As Chas said, it looks like your vehicle is OK, so do not count on the hitch to solve a problem which may be as simple as loading your trailer correctly.
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Old 03-25-2003, 09:42 PM   #6
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Unbelievable! , is a Hensley really three grand??

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Old 03-26-2003, 12:17 AM   #7
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Well... since you asked those who have one the Hensley is $2800, but they had them on sale over the holidays. To me, its worth every penny... and those who own one will tell you the same thing. Those who don't own one probably won't.

In a free market, something is worth what the market will bear, no more, no less. Not everyone will pay the price of a new Airstream, or buy an older used one when they can have a new SOB for the same money. They don't think that's worth it either.

The Pullrite and the Hensley are both the safest hitches you can buy. Nothing else can come close because these are the only hitches that address the problem of a ball behind the bumper giving a trailer leverage over the tow vehicle by moving the point of pivot up to the rear axle. The Pullrite does it quite literally, while the Hensley does it with the trapezoidal link bars. At the same time, they provide NO resistance to the tow vehicle turning the trailer. All other methods of sway control are limited sway dampening systems because they resist the tow vehicle turning the trailer as much as they resist the trailer turning the truck. Get 'em tight to try to fight sway better and they bind in turns. Loosen 'em so they don't bind, and there's less resistance to sway.

I personally like the Hensley better than the Pullrite for several reasons, mainly due to it keeping the best of a behind the bumper pivot of a travel trailer, without picking up the disadvantages of a fiver, like the Pullrite does.

1. It stays with the trailer. Nothing added to the truck, no need to relocate the spare tire or reroute the exhaust (Pullrite does have some custom models for some vehicles that don't require this).

2. The trailer tires follow the tow vehicle tires much closer in a turn than a Pullrite, where the trailer follows much further to the inside of the turn, so you have to swing wider around corners. This is important with a longer trailer where the wheels are further back and turn more to the inside to begin with.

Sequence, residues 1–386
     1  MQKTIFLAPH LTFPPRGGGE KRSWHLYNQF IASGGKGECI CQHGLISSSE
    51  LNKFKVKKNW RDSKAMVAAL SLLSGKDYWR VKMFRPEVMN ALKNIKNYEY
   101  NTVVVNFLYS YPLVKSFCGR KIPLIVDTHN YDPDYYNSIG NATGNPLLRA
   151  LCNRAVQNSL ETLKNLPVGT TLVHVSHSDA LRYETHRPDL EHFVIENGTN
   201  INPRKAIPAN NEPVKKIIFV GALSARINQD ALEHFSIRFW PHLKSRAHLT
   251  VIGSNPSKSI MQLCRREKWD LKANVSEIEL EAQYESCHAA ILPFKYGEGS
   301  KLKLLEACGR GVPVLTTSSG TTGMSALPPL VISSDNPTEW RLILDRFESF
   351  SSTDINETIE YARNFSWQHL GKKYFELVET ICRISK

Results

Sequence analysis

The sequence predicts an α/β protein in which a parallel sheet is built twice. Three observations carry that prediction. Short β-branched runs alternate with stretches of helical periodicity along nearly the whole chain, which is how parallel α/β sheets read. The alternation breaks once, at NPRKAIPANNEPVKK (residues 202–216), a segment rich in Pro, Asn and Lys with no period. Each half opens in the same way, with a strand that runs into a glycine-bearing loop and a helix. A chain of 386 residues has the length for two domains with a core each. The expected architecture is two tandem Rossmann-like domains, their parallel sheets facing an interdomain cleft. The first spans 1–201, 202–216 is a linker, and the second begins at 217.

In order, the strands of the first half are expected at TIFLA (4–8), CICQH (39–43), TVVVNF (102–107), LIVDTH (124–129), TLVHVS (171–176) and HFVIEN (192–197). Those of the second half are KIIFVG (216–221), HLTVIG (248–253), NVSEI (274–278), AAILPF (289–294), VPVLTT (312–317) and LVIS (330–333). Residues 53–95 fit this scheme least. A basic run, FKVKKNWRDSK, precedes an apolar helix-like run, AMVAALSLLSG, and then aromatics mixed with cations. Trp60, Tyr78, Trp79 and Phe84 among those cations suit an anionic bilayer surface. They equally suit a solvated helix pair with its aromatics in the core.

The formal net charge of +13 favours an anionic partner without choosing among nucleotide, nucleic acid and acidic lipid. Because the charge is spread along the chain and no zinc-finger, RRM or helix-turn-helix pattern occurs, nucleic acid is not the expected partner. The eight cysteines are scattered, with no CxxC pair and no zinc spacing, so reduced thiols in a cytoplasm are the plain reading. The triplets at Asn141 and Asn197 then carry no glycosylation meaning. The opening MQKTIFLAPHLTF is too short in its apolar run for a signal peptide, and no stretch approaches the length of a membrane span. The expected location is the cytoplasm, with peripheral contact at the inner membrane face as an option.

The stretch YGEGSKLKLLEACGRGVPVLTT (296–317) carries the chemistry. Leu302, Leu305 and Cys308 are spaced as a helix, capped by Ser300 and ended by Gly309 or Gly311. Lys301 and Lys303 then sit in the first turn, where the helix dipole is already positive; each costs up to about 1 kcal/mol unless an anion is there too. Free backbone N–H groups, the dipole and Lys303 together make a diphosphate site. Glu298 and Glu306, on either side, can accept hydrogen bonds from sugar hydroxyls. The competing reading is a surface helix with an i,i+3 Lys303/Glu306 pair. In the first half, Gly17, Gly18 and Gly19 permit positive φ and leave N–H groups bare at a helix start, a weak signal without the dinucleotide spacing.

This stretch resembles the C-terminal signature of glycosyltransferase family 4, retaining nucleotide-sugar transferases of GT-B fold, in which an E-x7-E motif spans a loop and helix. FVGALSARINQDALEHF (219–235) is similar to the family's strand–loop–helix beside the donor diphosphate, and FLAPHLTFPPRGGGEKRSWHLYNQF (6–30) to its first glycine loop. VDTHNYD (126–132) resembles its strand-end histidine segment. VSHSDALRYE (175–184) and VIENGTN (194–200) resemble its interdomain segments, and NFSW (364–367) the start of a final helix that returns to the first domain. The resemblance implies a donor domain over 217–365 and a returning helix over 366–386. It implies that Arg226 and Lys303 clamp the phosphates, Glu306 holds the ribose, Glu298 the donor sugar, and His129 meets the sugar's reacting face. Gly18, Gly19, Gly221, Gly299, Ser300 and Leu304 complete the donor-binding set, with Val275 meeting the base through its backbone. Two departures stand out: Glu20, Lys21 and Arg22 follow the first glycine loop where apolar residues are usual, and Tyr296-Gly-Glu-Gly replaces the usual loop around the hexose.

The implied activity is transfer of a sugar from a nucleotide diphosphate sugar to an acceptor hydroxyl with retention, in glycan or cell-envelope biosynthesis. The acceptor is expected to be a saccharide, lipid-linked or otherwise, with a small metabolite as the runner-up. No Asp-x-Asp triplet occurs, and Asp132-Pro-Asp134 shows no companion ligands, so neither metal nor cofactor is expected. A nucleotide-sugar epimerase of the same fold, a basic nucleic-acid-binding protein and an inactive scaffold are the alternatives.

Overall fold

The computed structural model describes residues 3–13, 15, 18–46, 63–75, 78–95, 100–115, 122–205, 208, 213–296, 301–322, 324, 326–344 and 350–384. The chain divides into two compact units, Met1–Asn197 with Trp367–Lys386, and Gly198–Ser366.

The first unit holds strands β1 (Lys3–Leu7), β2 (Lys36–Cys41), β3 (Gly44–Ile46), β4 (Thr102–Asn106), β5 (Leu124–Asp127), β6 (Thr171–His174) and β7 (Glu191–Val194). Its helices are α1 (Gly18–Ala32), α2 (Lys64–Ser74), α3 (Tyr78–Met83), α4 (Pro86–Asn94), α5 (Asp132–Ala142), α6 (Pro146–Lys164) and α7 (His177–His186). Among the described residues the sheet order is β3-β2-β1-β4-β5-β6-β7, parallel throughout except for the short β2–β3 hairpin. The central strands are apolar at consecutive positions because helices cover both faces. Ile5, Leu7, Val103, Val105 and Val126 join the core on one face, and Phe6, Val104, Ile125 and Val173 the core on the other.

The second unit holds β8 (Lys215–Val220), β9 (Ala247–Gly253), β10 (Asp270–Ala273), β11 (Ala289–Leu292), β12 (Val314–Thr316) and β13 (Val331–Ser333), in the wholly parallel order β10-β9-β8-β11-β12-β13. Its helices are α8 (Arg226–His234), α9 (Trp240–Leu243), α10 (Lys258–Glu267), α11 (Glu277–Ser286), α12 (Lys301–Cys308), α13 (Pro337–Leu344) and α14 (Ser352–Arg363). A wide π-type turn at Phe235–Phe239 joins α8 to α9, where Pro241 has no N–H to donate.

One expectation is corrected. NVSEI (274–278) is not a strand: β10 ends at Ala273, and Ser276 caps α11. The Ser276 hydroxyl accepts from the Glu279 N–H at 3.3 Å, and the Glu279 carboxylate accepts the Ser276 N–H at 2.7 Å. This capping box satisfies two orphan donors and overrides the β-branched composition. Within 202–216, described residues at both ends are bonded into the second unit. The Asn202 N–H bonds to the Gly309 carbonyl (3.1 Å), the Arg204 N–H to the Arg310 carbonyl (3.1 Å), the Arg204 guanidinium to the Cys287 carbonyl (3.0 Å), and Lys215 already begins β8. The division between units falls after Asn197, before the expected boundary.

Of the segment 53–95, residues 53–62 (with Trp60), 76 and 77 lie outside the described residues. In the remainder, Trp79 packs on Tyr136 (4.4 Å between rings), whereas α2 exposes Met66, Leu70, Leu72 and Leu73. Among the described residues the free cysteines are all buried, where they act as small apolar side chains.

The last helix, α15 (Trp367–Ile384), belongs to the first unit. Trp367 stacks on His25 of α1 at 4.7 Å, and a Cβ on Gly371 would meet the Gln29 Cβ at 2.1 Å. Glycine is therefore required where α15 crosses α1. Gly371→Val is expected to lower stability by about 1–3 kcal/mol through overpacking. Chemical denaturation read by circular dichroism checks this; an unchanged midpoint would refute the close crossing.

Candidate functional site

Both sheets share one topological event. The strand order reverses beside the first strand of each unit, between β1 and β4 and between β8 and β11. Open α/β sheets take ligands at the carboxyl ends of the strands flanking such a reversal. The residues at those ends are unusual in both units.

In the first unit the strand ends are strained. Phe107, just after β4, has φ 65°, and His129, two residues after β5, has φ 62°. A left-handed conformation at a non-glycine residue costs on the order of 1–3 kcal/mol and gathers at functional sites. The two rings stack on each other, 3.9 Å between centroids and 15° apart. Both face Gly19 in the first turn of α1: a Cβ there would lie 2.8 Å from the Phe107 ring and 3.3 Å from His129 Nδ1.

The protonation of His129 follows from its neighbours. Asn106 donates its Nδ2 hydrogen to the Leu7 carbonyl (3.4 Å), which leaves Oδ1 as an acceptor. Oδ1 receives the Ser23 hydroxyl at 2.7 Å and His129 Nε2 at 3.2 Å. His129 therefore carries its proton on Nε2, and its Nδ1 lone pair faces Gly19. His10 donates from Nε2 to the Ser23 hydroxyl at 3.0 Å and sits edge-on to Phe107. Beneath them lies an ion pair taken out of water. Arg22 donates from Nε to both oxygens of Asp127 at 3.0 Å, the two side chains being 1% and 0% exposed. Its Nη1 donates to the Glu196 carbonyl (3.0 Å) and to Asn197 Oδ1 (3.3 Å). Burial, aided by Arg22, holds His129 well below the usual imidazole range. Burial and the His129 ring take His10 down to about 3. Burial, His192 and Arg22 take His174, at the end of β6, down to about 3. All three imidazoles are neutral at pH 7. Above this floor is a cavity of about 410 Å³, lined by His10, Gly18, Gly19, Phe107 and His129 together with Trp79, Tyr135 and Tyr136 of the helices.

3. When backing, the Hensley backs straight like a fiver or Pullrite because of the point of pivot being up near the rear axle. But as angle develops, the Hensley's point of pivot moves back behind the bumper, and it turns MUCH quicker and easier than a fiver or Pullrite. In fact, slow response is the number one complaint of new fiver owners.

I towed for a living in another life and HATED the way fivers turn and back. I love the way the 34' manuvers with the Hensley. When towing with it, I can't help but think that the name "Arrow" is accurate... that's what the rig feels like.

When you order, make them throw in the spare parts kit and a tongue twister for free. You can get a coupla lengths of chain at the hardware store to extend the safety chains, and will probably not need to extend the electrical cord or emergency brake switch cable.

Hope this helps!

[on edit] I disagree with Hensley marketing the hitch as a cure for improperly matched rigs, but that nor the price will stop me from owning what I consider to be the best hitch out there. And I agree that the trailer should be properly loaded, etc. even with a Hensley.
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Old 03-26-2003, 03:45 AM   #8
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Lightbulb How abt

74SovereignInt.

I agree with Chas...

Quote:
Bummer
The next time you get your rig hooked up, would you mind taking a picture of your setup and, posting it here?

"Pictures give a better insight ~!"
ciao
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Old 03-26-2003, 09:36 AM   #9
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Clarification

Maybe I should clarify:

She pulls great going down the road, no waver or wobble. It sits nice and level with the bars on. The problem is with semis. We were sucked into every one that went by and got caught off guard by several. That and a couple of panic swerves are what has me looking at the Hensley. The panic swerves were for a hidden tire in the lane in Tenn. and a mattress (yep, a mattress) smack dab in the middle of our lane south of Atlanta at night in the rain.

Again, the A/S tracks fine as long as we're by ourselves. It is the semis that have me concerned. I absolutely hate that push and pull as they pass. Also, I understand that backing and turn radii are improved with the Hensley. Thanks for your thoughts.

When I have a chance I'll look for a hooked up pic from the trip. Right now it's tucked in real tight in the yard.
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Old 03-26-2003, 10:26 AM   #10
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I have seen a lot of posts like this one about having WD hitch and sway control. Usually what they have is a WD hitch alright but the sway control is the friction bar. For your trailer that is totally useless. Having been a passenger in a truck pulling a Bambi that did a 360 on Interstate 80, I can tell you that friction bars don't work. Check out Equal-i-zer and the dual cam Reese system. Since you already have a WD hitch it will probably take the dual cam without having to buy a new hitch. For those who swear by friction bars, you just haven't had a problem YET.